14 - NITROGEN DEPOSITION READINGS FREEMAN 2005 Chapter 54...

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NITROGEN DEPOSITION READINGS: FREEMAN, 2005 Chapter 54 Pages 1257-1258
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NITROGEN DEPOSITION Nitrogen deposition refers to the addition of anthropogenic atmospheric nitrogen to ecosystems. Current rates of deposition in the US and Europe can be 10-50 times above historic levels. Because many ecosystems are N limited, this new source of fertilization can alter community structure and function. The potential impact of N deposition on native plant species and ecosystems is an active area of ecological research.
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GLOBAL NITROGEN CYCLE (I) 99.4% of exchangeable N is found in the atmosphere; 0.5% is dissolved in the ocean; 0.04% in detritus ; 0.006% as inorganic N sources; 0.0004% in living biota. Figure 54.19 in Freeman (2005) gives some pathways and rates of exchange.
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GLOBAL NITROGEN CYCLE (II) Human activities have doubled the rate of nitrogen entering the land-based nitrogen cycle, and the rate is climbing. Nitrogen is a limiting factor in population dynamics, plant productivity, carbon cycling and maintaining plant diversity. Excess nitrogen addition can pollute ecosystems and alter community structure and function.
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SOURCES OF “FIXED” NITROGEN Human-derived sources of nitrogen surpass natural sources and are increasing. A major part of fixed nitrogen ends up on land; some of which gets back into the atmosphere only to return during rainfall. The return of largely human derived sources of nitrogen to land is called nitrogen deposition. Galloway et al, 2003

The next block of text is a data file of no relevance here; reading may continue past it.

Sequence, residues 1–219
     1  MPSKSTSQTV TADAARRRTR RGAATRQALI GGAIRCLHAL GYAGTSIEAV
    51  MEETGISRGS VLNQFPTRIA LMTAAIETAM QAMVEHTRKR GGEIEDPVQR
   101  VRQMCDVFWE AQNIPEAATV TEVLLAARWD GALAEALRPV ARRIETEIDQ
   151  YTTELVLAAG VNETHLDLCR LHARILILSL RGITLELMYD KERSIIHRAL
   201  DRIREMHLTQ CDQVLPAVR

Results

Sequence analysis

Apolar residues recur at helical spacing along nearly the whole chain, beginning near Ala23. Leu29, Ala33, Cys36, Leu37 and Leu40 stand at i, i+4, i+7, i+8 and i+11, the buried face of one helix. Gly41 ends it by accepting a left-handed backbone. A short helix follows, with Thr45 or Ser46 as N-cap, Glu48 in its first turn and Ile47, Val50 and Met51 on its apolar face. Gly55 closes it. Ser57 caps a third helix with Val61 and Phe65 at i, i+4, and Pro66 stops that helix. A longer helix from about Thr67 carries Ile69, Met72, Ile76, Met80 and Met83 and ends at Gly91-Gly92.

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Primary Sources of Nitrogen Addition to the Atmosphere Domestic animals are the source of around 43% of atmospheric ammonia. Fossil fuel combustion accounts for 46% of atmospheric oxides of nitrogen (N 2 O, NO and NO 2 ). The trends shown for Switzerland are characteristic of many developed countries.
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Sources of Nitrogen Emissions from Fossil Fuels Among the fossil fuel sources, power plants, automobiles and industry are the primary sources of atmospheric nitrogen emissions in the US. Nitrous oxide is the only one that stays in the atmosphere for significant time.
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Sources of Nitrogen Emissions in Urban Areas Vehicles are the primary source of nitrogen emissions in cities. Coal fired power plants are also major contributors. Heavy industry such as steel mills is an important source.
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Precipitation Removes Ammonium and Nitrates from the Air Over 130 gigitons of N deposition are removed from the atmosphere each year by precipitation on land. 70% came from human- derived sources. The three largest sources are domestic animals, fossil fuels and fertilizers applied to fields. 1 gigaton (Gt) = 10 6 grams
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Ammonium Deposition in the United States Livestock, unplowed soils and fertilizers account for 68% of the ammonium released into the atmosphere. Precipitation removes it rapidly
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This note was uploaded on 04/02/2009 for the course CHEM 112 taught by Professor Jursich during the Spring '08 term at Ill. Chicago.

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14 - NITROGEN DEPOSITION READINGS FREEMAN 2005 Chapter 54...

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